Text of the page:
The Imitation Game takes considerable liberties in dramatizing the life of Alan Turing. But the result is an effective, entertaining, and sympathetic tragedy about a man who played important roles in both winning World War II and in laying the groundwork for computer technology, and who was hounded to suicide by an intolerant society.
The basic story is reasonably accurate. A brilliant mathematician, Turing played an important role–possibly the most important role–in cracking the Nazi’s enigma code, allowing the British military to read secret messages. He was one of the first people to conceive of the idea of a digital machine that could do whatever job it was given instructions to do–what we now call a computer. He hypothesized the concept of artificial intelligence, and developed the Turing Test as a way to find out if a computer could think. He was arrested and convicted for homosexual acts, and forced to take hormone injections to control his libido. He killed himself.
Screenwriter Graham Moore and director Morten Tyldum rightfully concentrate on his war experience. It allows us to follow him as part of a team–almost always more interesting than one person–and it gives us higher stakes. Civilization is in the balance. Besides, It’s fun to watch intelligent people break a code while they slowly turn into a team.
Turing leads this top-secret team of code breakers–despite his utter lack of leadership ability. As played by Benedict Cumberbatch, he seems far along on the Asperger scale–the film’s most serious departure from truth. He throws himself relentlessly into his work, barely socializes with his compatriots, and misses almost every social cue. His pathetic attempt to tell a joke is funnier than the joke itself. The real Turing, while not a social butterfly, could get along with people without problems.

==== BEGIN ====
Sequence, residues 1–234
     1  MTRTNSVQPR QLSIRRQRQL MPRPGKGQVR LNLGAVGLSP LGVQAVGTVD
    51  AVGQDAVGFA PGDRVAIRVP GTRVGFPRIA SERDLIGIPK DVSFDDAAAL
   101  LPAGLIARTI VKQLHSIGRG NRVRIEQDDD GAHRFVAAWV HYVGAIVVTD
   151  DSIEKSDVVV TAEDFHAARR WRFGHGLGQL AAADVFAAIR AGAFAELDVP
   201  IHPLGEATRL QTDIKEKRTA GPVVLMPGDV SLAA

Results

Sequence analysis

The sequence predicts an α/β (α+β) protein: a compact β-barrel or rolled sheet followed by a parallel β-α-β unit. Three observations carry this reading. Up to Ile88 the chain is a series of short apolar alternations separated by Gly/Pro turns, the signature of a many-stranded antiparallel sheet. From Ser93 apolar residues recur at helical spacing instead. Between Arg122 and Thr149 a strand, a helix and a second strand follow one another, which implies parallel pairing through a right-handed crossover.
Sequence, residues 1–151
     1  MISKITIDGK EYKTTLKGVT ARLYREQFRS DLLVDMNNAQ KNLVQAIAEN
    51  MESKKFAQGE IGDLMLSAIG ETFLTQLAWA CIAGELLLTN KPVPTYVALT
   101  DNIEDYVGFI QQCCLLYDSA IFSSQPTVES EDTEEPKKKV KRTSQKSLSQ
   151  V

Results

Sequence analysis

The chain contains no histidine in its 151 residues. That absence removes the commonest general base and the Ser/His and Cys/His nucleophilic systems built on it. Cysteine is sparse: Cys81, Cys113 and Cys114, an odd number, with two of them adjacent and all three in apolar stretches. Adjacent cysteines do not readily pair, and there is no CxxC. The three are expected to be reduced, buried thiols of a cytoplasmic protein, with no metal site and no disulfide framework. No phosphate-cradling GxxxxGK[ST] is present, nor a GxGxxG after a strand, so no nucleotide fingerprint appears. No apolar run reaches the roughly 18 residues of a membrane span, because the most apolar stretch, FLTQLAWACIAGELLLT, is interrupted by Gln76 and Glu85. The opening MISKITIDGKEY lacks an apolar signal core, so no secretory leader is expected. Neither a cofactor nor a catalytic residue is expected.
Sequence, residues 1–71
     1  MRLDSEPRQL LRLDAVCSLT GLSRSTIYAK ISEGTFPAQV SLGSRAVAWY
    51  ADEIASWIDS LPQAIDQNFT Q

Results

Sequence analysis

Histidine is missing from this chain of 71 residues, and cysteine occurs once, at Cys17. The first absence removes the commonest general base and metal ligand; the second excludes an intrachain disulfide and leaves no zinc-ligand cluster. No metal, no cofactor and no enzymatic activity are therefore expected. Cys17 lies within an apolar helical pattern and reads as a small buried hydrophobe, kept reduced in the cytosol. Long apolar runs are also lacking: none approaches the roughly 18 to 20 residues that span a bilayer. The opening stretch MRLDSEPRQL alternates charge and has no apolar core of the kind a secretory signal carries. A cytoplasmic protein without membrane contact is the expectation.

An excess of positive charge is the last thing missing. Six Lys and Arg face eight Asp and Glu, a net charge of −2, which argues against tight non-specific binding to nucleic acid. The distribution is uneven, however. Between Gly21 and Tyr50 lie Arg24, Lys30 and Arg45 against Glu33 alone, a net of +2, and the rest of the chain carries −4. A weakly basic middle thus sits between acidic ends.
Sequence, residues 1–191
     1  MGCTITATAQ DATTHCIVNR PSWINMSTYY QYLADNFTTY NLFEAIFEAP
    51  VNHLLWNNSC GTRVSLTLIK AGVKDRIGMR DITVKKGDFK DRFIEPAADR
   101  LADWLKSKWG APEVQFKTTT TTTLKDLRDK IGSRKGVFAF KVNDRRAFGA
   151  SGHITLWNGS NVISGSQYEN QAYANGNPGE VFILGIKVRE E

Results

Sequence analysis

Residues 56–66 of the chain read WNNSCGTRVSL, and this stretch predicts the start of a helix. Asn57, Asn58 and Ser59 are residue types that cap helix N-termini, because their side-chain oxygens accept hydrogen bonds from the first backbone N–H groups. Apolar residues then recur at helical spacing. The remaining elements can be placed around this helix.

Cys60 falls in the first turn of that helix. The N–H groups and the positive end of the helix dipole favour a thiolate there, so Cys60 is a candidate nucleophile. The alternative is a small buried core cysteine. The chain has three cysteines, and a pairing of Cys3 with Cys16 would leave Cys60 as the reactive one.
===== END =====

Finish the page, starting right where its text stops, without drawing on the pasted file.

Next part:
Every so often, the story flashes forward to Turing’s persecution in the early 1950s. At first, I was put off by these scenes–I wanted to stay with the main story. But as the film progressed, this story became urgent in its own right. Rory Kinnear’s performance as a dogged but ultimately sympathetic Scotland Yard detective helped.
The film occasionally flashes back to Turing’s childhood, when he makes one good friend at school. Fortunately, these scenes are brief, although by the end this story to became part of the emotional arc.
Like so many English period pieces, The Imitation Game acts primarily as a showcase for actors. Cumberbatch does a variation on his Sherlock Holmes, but he digs deeper here. His emotional struggles are more real. Keira Knightley plays the only woman on the team. She falls in love with Turing, of course. Fortunately, the film doesn’t make a big deal about that.
Unfortunately, the film occasionally stretches credibility. The code breakers take forever to figure out some obvious tricks
There’s another problem, and it’s one I’ve seen in a number of recent British period pieces: CGI spectacle. The Imitation Game has shots of bombers, burned out cities, and other high-scale images of war, all clearly created on computers. They look distractingly like beautiful paintings. To be fair, the glass shots, rear projection, and matte paintings of past eras look pretty fake, too, but that doesn’t really help. The film also uses actual war footage, which only serves to make the CGI look all the more fake.
I left the theater wanting to learn more about Turing. I give this film a B+.
Note: I have altered this article, and lowered the film’s grade, after learning more about Turing and reflecting on the film.